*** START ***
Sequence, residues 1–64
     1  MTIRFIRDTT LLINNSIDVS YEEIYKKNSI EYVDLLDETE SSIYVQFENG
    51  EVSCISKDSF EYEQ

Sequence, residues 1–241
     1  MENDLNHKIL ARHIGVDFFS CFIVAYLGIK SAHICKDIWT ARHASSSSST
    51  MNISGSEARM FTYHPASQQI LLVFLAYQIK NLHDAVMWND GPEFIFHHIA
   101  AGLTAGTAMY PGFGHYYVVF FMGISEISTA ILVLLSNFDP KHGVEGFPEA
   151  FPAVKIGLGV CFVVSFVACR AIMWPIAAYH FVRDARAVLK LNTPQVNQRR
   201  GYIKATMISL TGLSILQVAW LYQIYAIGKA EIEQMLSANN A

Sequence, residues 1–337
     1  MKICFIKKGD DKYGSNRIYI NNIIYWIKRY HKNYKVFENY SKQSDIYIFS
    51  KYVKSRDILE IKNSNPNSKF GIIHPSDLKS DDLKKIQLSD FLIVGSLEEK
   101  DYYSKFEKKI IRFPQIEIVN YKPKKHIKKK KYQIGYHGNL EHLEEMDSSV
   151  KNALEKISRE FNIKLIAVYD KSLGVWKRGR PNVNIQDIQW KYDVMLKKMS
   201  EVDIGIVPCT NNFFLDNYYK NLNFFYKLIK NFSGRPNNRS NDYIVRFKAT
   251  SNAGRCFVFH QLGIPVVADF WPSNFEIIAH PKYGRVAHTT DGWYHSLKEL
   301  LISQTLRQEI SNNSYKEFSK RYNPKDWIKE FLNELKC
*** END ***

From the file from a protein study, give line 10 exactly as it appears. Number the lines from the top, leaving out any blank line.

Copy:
Sequence, residues 1–337